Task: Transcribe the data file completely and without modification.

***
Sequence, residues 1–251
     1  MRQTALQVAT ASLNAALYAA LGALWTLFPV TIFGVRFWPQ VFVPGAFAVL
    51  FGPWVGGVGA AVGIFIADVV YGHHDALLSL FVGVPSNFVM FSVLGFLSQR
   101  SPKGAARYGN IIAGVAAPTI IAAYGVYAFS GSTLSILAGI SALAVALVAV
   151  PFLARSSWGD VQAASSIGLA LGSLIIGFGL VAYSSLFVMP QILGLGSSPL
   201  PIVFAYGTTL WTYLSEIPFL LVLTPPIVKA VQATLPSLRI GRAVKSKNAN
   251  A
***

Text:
Sequence, residues 1–251
     1  MRQTALQVAT ASLNAALYAA LGALWTLFPV TIFGVRFWPQ VFVPGAFAVL
    51  FGPWVGGVGA AVGIFIADVV YGHHDALLSL FVGVPSNFVM FSVLGFLSQR
   101  SPKGAARYGN IIAGVAAPTI IAAYGVYAFS GSTLSILAGI SALAVALVAV
   151  PFLARSSWGD VQAASSIGLA LGSLIIGFGL VAYSSLFVMP QILGLGSSPL
   201  PIVFAYGTTL WTYLSEIPFL LVLTPPIVKA VQATLPSLRI GRAVKSKNAN
   251  A